In just two weeks, dust storms have obscured more than 10 million square miles of the Mars' southern hemisphere.
The storms forced NASA to suspend operations of its twin Mars rovers. The biggest storm has weakened near the Opportunity rover and thickened near Spirit's location. Both rovers are gathering enough solar energy to survive and observe their surroundings, lead rover scientist said yesterday.
Such dramatic dust storms, however, aren't the only weather phenomenon Mars has to offer. The Red Planet hosts clouds of ice and carbon dioxide, tornado-like dust devils, auroras and even complex jet streams — all of this, despite an atmosphere less than 1 percent as dense as Earth's.
During the summer, it can be as warm as a day in the tropics, as high as 80 degrees Fahrenheit. Wilson said. Martian nights, however, are blisteringly cold and can reach -180 degrees Fahrenheit. Such bone-chilling temperatures can contract and snap the soldered metal joints of unheated electronic circuit boards — an imminent threat to any mission to Mars.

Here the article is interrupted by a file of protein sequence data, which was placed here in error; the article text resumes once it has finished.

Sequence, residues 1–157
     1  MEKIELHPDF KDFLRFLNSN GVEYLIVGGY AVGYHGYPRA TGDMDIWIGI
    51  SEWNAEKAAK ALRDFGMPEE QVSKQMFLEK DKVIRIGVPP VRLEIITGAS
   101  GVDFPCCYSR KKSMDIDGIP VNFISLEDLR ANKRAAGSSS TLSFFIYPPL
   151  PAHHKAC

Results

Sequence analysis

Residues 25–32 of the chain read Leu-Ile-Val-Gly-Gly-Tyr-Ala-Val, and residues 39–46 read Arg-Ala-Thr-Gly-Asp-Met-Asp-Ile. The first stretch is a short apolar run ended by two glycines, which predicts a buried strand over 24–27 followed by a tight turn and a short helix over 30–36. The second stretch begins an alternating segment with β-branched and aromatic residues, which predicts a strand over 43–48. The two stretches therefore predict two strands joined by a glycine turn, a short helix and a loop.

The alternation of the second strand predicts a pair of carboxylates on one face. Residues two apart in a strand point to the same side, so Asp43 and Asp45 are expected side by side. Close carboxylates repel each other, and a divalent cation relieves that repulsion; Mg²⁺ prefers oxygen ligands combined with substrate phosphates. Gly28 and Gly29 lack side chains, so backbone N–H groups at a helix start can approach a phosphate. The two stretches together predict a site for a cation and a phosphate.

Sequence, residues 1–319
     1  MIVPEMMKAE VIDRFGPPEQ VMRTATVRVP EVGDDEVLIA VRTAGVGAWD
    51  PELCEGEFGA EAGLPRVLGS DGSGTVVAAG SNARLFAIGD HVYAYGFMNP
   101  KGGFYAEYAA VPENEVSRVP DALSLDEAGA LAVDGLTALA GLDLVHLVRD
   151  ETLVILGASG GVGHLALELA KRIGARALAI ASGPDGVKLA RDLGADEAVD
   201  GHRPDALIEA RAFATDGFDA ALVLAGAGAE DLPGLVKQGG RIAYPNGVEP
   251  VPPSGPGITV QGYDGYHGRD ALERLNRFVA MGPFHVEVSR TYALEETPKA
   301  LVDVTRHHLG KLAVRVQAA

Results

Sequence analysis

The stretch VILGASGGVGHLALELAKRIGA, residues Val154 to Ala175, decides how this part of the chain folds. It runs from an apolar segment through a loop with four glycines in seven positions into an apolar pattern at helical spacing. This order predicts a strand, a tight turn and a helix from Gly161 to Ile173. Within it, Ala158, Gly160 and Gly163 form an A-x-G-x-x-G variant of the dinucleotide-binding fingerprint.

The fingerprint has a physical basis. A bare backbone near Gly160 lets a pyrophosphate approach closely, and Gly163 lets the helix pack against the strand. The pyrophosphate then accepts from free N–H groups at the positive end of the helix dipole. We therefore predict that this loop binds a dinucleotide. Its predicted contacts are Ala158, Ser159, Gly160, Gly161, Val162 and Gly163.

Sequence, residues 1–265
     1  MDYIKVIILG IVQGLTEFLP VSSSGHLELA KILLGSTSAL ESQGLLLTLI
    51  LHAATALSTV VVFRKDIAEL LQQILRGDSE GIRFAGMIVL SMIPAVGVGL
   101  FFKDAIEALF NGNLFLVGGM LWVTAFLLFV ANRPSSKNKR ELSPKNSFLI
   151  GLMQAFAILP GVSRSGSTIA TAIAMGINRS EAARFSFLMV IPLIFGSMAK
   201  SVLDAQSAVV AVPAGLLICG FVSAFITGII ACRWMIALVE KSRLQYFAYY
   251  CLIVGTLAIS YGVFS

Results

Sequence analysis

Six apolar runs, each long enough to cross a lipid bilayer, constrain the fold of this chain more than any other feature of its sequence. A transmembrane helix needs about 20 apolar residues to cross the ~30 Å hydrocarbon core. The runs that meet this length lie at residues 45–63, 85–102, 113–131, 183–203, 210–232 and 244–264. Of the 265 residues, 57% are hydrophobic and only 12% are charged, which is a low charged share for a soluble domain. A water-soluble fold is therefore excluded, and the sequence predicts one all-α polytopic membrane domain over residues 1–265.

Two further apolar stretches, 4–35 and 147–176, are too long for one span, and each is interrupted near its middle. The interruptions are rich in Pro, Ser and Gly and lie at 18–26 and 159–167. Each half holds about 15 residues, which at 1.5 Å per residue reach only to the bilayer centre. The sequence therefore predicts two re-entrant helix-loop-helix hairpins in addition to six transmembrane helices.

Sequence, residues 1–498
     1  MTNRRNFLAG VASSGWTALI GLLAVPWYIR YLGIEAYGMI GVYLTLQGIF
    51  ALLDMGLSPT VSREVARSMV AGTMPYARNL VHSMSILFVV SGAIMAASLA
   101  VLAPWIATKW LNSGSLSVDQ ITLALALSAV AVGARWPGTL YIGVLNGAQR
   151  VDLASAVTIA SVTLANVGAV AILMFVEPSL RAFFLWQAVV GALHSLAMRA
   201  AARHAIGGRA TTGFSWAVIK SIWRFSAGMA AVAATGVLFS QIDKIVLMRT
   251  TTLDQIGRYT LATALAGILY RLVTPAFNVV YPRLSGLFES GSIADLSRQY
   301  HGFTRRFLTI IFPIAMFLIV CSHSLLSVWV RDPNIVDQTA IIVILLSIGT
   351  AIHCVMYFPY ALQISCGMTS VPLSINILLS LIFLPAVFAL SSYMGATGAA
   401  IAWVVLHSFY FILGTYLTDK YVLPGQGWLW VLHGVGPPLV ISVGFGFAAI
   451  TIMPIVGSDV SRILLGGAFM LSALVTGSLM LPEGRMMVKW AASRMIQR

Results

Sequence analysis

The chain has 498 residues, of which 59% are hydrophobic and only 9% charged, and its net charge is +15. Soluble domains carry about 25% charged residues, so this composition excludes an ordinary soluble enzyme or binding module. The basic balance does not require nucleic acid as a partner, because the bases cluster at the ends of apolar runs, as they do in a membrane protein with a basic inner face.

A billion years of wind erosion has created really fine dust on Mars, and the absence of water prevents it from cementing it back together like it does on Earth. Once the dust devils get going, they can whip the ultra-fine dust around at around 70 mph.
Planetary scientists think the dusty tornadoes, when persistent and large enough, are responsible for creating light-drowning global dust storms, as they seem to do every three Martian years (about six Earth years).
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Dust devils tear across Mars
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